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Shoulder Injury Related To Vaccine Administration

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Other Names

  • Shoulder Injury Related To Vaccine Administration
  • SIRVA

Background

  • This page refers to Shoulder Injury Related To Vaccine Administration (SIRVA), a phenomenon in which patients develop shoulder pain due to improper technique or landmarking for intramuscular deltoid injections

History

  • First described by Atanasoff and colleagues in 2010[1]

Epidemiology

  • Influenza Vaccine
    • Incidence of 1 to 2 per million[2]
  • Demographics in one case series[3]
    • Female (70%)
    • Caucasian (70%)
    • Median age is 43

Pathophysiology

Proposed algorithm for SIRVA[4]
  • General
    • Generally characterized as rapid onset of shoulder pain, dysfunction persisting as a complication of deltoid muscle vaccination
    • More common in female Caucasian women in their 40s
  • Diagnosis is clinical and should be considered in patient who meet the following criteria:
    • Pain within 48 hours of vaccination
    • Have no prior history of pain or dysfunction of the affected shoulder prior to vaccine administration
    • Have symptoms limited to the shoulder in which the vaccine was administered where no other abnormality is present to explain these symptoms
    • Note: patients with back pain or other musculoskeletal complaints do not meet the reporting criteria[5]
  • Vaccine's implicated
    • The influenza vaccine is the most commonly implicated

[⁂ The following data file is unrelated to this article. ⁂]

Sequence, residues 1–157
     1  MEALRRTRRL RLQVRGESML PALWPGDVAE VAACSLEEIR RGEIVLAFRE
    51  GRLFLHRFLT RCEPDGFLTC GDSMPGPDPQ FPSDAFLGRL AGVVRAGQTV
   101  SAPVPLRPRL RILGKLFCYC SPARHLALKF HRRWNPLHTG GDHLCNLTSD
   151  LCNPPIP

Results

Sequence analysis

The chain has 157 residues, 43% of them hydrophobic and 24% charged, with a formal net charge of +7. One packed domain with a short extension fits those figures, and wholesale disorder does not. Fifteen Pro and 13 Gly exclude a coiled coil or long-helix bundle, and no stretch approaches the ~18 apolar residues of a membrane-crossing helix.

• Vaccine Injury Compensation Program (VICP)
    • Added in 2017
    • VICP is a federal program that compensates individuals for vaccine-related injuries
  • Proper vaccination technique/ prevention[5]
    • Safe IM vaccine administration can be assured
    • Location
      • Midpoint of the deltoid muscle located midway between the acromion and deltoid tuberosity with the arm abducted to 60°
      • Needle at 90° to arm, approximately 2 inches below the acromion process
    • Patient should be in seated position
    • Needle
      • For most adults, 1 inch needle is appropriate; consider 5/8 inch in adults under 75 kg
      • Gauge 22 to 25
    • Syringe 1 mL to 3 mL
  • Potentially improper technique
    • Atanasoff found 46% of SIRVA cases described the vaccine as administered "too high"[1]
    • Needle that is too short or too long may lead to improper administration

Associated Conditions


Risk Factors

  • Unknown

Differential Diagnosis


Clinical Features

  • History
    • Patient should have a history of recent vaccine administration in the affected shoulder
    • There should be no history of previous shoulder disorder prior to the vaccination
    • Pain typically begins within 48 hours of vaccine administration
    • Does not improve with over-the-counter analgesics
    • Over subsequent months, pain, weakness and impaired function may worsen
    • Hesse et all found the following complaints[6]
      • Shoulder pain (93.9%)
      • Range of motion limitation (31.1%)
      • Tingling or paresthesia (7.8%)
      • Erythema (5.5%)
      • Shoulder weakness (4.8%)
  • Physical Exam: Physical Exam Shoulder
    • There are no clear, pathognomonic physical exam findings in SIRVA
    • They may have findings suggesting a variety of conditions
  • Special Tests

Evaluation